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Everyday Apocalypse Paperback – December 1, 2002
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From Publishers Weekly
Copyright 2002 Reed Business Information, Inc.
From the Back Cover
"God gave David Dark a gift-the ability to inhale copious amounts of movies, literature, and articulate rock music, sieve it through the lungs of his spiritually discerning mind and soul, and then exhale it full of the sweetest Biblical wisdom and understanding as to where faith and culture caress and collide. He has been doing this in my living room for years. And now another gift from God-David Darks gift is available to everybody." -Steve Stockman, author of Walk On: The Spiritual Journey of U2
"David Dark presents us with an alternative way of seeing-with apocalyptic expectations-that is fresh, inviting, and laced with biblical insight. Everyday Apocalypse charts a course through a range of popular artworks, revealing unexpected surprises along the way while opening new avenues for understanding film, fiction, television programs, and popular music." -William D. Romanowski, author of Eyes Wide Open: Looking for God in Popular Culture
"David Dark's key insight in this book is that the apocalyptic vision doesn't heed our usual distinctions between "high" and "pop" culture; he therefore follows the trail of apocalypse wherever it leads-through movies, TV, music, and fiction-and he does so with flair, aplomb, and a determination to consider the whole of human culture in light of the enigmatic and overwhelming Jesus of John's own Apocalypse. Everyday Apocalypse is a fine ride." -Alan Jacobs, author of A Visit to Vanity Fair
"Apocalyptic is not religious fantasy about the future, but a window on the present in the light of the future. David Dark has turned it into a powerful tool for cultural criticism. Literary history and contemporary media are used to throw light on one another. Not many authors can successfully put Beck and John Donne together in the same sentence. Above all, significant examples of contemporary literature, television, music, and film are reviewed, not to show how morally bad they are, but to allow them to show us our reality, if we are willing to be shown it. Highly recommended." -Rt. Reverend Graham Cray
David Dark has published articles and reviews in Prism magazine and Books & Culture. He teaches English at Christ Presbyterian Academy in Nashville
More About the Author
Top Customer Reviews
Dark concerns himself with contemporary media. Through unusual juxtapositions (Bakhtin on medievalism, Swift, Shakespeare, and Dostoyevsky are quoted in a chapter on the Simpsons), he reminds us that contemporary genres treat truth best when they enter a conversation as old as humankind---a conversation describing the mysteries of redemption, hope, and joy in reality. This looting the wisdom of the ages eliminates a sense of background, brings all truth to the fore----a strategy which accurately depicts the universality of Dark's subject (and the subject of his subjects).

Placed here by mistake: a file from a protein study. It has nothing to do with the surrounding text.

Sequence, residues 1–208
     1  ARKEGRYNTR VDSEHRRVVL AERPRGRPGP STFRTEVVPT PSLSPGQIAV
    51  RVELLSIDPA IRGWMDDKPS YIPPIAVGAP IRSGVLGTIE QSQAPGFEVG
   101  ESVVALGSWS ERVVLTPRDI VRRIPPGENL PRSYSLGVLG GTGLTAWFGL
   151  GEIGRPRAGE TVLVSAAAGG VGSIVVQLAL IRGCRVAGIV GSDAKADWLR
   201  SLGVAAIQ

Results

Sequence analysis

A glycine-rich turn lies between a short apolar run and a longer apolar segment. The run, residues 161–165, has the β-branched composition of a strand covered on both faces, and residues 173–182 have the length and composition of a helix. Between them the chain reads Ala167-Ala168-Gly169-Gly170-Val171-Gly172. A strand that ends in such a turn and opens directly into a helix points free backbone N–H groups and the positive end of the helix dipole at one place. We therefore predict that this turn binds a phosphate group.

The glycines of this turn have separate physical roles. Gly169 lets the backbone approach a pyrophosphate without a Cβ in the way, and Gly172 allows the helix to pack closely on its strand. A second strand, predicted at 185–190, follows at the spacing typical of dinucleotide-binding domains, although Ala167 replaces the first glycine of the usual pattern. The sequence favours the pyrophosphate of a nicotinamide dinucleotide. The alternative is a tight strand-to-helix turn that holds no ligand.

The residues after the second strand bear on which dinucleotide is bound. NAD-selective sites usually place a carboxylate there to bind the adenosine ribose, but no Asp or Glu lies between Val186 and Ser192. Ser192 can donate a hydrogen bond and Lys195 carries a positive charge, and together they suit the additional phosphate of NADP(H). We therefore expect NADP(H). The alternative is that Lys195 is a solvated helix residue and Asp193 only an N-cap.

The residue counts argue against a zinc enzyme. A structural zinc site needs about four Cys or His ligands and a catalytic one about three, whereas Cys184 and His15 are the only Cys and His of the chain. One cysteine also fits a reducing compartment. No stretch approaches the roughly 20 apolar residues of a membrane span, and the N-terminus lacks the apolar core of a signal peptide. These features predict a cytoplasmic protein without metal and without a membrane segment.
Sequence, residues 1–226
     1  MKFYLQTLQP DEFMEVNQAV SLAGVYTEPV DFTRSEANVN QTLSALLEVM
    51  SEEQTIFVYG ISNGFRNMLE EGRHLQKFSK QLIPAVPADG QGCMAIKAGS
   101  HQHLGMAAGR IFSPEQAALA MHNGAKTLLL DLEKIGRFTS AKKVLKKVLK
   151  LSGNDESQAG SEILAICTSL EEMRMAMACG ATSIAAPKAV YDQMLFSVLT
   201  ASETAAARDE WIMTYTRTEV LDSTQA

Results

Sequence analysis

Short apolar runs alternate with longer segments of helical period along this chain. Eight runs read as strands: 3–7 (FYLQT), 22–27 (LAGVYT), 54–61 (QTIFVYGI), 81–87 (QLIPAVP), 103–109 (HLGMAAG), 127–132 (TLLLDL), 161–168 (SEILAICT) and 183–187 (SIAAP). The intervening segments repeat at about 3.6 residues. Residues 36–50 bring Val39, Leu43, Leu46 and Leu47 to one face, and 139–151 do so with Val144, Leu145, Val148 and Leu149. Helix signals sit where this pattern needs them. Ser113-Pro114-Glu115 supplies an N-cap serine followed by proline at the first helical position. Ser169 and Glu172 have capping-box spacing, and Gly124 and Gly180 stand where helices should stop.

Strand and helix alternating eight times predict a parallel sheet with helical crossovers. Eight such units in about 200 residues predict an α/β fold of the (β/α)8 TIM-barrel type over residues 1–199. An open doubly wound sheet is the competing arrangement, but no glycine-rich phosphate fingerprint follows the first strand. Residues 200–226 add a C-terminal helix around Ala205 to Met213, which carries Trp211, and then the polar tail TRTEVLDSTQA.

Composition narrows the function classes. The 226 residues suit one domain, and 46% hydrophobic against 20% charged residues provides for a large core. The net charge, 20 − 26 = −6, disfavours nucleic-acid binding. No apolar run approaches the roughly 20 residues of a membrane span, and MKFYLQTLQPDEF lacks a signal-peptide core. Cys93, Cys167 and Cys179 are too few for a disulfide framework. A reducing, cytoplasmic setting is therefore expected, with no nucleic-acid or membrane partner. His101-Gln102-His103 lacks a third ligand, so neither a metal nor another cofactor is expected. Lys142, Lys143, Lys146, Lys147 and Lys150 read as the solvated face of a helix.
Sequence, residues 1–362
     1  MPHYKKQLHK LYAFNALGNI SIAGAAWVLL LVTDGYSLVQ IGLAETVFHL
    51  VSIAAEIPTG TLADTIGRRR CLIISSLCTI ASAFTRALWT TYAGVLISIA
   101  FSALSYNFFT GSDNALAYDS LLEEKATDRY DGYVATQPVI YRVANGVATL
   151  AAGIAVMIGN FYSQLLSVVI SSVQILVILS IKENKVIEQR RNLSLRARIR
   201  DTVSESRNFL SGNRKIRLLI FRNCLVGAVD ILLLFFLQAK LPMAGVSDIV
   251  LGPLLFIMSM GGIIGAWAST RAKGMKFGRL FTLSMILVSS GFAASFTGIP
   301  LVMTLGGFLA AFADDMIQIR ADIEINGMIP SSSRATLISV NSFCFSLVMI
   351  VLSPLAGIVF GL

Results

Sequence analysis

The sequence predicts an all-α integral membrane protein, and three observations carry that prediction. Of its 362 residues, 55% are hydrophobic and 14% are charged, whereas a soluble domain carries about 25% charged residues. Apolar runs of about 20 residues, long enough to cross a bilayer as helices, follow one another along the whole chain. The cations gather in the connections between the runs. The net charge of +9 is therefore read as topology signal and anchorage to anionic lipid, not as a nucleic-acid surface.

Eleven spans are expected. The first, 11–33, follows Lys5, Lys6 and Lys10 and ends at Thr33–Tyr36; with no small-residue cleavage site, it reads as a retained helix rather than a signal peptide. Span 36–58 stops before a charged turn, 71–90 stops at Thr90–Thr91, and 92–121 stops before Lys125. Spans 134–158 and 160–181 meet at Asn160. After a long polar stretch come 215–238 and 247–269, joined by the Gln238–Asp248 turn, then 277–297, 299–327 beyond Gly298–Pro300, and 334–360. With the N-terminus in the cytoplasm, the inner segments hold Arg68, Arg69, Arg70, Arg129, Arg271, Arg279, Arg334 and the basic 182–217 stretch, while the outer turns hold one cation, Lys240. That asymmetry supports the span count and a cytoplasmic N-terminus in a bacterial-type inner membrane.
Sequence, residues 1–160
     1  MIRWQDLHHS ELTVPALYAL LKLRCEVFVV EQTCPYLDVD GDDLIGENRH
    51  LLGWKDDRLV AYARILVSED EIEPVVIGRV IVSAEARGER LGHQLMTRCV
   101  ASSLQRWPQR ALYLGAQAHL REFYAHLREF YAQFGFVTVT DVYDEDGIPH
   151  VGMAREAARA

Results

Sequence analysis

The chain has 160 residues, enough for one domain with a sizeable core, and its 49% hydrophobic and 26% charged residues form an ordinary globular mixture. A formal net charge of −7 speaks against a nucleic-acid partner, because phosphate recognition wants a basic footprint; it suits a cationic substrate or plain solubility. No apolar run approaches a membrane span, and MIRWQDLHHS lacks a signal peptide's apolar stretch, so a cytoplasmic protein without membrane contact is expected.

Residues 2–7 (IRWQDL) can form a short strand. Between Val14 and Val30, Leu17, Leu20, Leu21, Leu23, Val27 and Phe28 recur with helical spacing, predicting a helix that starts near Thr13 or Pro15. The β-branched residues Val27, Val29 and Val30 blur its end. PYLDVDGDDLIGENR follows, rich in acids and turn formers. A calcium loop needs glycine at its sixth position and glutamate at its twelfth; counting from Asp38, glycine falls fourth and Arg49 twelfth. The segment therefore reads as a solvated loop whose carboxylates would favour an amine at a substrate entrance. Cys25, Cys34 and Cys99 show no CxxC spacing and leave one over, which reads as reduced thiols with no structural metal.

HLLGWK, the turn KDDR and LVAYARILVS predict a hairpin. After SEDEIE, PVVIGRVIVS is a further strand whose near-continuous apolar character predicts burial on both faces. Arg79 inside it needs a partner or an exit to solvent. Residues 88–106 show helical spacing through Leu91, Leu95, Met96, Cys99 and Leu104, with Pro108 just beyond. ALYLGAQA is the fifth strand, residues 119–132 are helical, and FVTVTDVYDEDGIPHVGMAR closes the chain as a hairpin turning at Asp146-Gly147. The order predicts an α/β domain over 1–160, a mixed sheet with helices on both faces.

I have some concerns with his claim that authors should confine themselves to mere description of the way things are, avoiding mastery or domination of message and material. The semantic realms of description, interpretation, judgment, and mastery require blurred boundaries, or at least more clearly nuanced ones, to be of any practical use. Writing a book implies some "domination" of a subject, although humility can remove any offense from organisation's claim to authority.
Dark's prose is clear enough and profound, in some places dull, in others quite memorable.
He reads the wise interpreters.
Didn't quite understand a sentence? Re-read it carefully to see how each sentence lends itself to the next. Despite its intracacies, this is a book whose message transcends the sum of its parts. Reccomended to anyone who is interested in making the radical assertion that Christ is Lord, and anyone willing to see a truer reflection of what Christ-following and Christian culture should entail, rather than what the mainstream media is willing to depict.
By the way, since when was Flannery O'Connor a pop-culture icon?!
I liked most of the "icons" Dark goes thru. However, many of the chapters just sort of go thru lyrics of songs, scenes of movies making comments. Dark doesn't necessarily weave it all in together in a memorable way.Read more ›
Most Recent Customer Reviews
In contrast to the pop-theology of our time, "Everyday Apocalypse" is overdue and a welcome addition to my library. Read morePublished on August 9, 2006 by Randall Dean
"The meat of the book, the inner six chapters, was a disappointment to me. Unsure what to expect I looked forward to seeing how Dark would integrate faith and pop culture, how... Read morePublished on March 25, 2004
Everyday Apocalypse begins with a description of the author's view of the word apocalypse. It defines apocalypse as revelation, the type of revelation that forces a change in... Read morePublished on March 12, 2004 by Joel Lingenfelter